In winning election as Pope Francis, Jorge Mario Bergoglio defied the papal pundits, even though they should have seen him coming. His rise marks the decisive shift within Roman Catholicism toward Latin America and the developing world.
What can the next pope learn from Benedict, and what should we seek from him? Our special series concludes with new stories from William L. Portier and Richard R. Gaillardetz.
The humility of Benedict's decision to give up power will affect future papacies, all to the good.
John Thavis presents many stories that will make you laugh. Others may make you cry.
Divisions in the church are usually seen as mimicking those of secular politics. Conservatives or traditionalists are pitted against liberals or progressives. But Timothy Radcliffe, a Dominican friar and the former head of his order, suggests a more fruitful way to understand the Catholic split.
Evaluations of Benedict's tenure have balanced the pros and cons of his deeds according to the lights of the balancer. What is untallied, except for his failure to unmistakably demand accountability in regard to clerical sexual abuse, is what has remained undone. Underlying conditions like the limitations of the clergy or the eroding credibility of church teachings on sexuality are no better than when he took office.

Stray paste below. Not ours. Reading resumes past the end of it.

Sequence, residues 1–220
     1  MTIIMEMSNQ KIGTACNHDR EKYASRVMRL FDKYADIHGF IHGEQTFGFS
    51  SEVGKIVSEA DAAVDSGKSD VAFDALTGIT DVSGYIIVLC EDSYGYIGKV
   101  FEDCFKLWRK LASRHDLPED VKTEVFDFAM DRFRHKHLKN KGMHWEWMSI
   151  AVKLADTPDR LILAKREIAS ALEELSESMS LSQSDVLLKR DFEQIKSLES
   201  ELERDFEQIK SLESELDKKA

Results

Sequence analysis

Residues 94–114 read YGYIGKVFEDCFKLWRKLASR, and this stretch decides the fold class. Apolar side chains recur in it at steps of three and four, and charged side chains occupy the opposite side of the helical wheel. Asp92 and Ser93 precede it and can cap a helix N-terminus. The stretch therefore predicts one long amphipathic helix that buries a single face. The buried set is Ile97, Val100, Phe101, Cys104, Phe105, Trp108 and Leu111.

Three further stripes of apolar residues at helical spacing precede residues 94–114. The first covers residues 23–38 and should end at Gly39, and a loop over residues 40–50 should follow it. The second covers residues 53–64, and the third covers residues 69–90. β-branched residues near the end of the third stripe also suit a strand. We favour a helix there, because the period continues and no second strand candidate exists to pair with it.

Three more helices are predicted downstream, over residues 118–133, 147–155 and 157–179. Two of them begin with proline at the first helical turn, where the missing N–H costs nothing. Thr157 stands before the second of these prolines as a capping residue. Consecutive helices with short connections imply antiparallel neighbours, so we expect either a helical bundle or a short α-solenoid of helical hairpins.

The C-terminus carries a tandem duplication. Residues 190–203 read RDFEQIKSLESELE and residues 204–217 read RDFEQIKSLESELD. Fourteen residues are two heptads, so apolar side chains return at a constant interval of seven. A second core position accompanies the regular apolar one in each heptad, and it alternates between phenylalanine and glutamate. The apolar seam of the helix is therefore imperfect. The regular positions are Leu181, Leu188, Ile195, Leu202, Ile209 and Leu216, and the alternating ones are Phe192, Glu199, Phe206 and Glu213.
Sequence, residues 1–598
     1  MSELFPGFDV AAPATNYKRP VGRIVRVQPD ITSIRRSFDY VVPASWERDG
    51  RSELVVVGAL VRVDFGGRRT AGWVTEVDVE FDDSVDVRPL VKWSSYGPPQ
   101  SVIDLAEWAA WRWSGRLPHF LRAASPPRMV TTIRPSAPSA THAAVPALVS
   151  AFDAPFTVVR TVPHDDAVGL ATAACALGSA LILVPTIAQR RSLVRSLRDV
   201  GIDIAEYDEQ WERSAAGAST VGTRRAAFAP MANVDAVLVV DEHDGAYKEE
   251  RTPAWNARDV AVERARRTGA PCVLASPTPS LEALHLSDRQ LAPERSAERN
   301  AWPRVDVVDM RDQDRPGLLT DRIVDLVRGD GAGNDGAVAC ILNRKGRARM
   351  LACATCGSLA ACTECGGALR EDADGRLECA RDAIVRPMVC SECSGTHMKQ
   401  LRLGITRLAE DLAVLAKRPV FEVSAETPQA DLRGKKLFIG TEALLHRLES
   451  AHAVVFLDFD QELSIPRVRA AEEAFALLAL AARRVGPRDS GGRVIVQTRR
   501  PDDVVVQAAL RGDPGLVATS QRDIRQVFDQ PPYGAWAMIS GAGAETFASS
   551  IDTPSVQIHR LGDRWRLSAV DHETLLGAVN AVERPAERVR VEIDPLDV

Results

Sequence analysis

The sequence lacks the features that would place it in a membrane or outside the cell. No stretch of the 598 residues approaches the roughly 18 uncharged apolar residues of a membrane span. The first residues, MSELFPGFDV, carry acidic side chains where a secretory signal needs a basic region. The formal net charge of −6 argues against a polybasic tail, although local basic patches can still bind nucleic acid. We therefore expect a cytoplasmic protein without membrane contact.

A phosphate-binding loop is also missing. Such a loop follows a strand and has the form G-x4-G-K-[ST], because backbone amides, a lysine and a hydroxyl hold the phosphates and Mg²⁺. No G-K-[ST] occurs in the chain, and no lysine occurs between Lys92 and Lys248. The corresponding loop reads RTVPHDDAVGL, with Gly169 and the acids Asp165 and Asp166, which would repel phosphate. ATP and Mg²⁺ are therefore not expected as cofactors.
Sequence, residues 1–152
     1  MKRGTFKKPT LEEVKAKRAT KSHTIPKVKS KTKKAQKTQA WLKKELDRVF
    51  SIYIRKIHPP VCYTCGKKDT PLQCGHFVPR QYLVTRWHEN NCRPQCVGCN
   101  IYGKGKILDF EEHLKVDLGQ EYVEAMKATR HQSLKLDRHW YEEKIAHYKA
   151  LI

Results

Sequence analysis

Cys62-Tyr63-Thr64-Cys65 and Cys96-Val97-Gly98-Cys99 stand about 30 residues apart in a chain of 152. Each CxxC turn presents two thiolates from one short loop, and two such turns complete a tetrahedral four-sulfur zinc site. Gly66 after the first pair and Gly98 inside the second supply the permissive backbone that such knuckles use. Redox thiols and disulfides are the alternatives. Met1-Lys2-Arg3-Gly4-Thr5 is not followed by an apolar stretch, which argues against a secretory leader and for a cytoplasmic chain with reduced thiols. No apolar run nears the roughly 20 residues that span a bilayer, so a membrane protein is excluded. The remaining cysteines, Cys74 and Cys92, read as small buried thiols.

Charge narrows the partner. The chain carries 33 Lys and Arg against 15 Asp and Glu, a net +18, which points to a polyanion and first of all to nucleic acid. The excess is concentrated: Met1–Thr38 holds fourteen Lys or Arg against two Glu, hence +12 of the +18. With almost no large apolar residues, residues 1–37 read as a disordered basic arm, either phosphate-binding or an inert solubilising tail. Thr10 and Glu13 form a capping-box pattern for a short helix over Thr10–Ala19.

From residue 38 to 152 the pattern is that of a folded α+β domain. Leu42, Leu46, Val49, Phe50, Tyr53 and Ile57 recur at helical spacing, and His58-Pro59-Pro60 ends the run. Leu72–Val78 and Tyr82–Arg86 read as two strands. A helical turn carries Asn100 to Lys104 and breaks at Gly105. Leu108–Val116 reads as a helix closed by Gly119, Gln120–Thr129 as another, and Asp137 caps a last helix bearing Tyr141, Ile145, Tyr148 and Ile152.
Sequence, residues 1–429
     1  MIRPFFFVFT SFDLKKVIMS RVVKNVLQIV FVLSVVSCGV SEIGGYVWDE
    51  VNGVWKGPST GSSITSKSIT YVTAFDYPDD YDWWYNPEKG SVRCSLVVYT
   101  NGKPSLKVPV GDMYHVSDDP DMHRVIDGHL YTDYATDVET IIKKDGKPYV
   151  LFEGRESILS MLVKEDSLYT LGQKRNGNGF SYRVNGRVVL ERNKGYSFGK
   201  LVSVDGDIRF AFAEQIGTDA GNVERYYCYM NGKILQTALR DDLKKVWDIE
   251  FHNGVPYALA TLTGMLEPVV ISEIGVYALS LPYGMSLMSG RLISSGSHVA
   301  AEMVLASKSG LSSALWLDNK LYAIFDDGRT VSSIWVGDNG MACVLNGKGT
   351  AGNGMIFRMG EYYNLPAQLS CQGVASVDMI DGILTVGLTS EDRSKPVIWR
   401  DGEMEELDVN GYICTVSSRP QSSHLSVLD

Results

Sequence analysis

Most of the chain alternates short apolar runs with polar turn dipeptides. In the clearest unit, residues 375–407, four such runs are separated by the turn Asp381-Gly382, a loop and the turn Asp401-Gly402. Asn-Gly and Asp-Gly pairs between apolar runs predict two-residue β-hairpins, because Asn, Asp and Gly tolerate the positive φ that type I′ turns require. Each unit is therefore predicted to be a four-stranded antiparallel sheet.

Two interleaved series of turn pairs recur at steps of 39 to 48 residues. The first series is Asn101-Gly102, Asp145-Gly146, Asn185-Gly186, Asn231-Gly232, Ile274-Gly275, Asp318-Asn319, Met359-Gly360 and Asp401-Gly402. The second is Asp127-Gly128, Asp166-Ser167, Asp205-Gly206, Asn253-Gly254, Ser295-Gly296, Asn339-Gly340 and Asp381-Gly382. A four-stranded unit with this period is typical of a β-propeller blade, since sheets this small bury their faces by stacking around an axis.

Even Benedict's most ardent supporters concede that his papacy has been marred by too many scandals and too many gaffes. And the courtly secrecy surrounding the deliberations to elect the next pope provides a reminder of the lack of transparency and accountability in the operations of the entire hierarchy.
Now It's Rome's Turn
Benedict, Eight Years Later
This is the long-term historical context of the papacy Benedict XVI will resign: one that became more monarchical in the nineteenth century (as a reaction against the democratization of modern political systems), and that is now more centralized than ever before—despite Vatican II.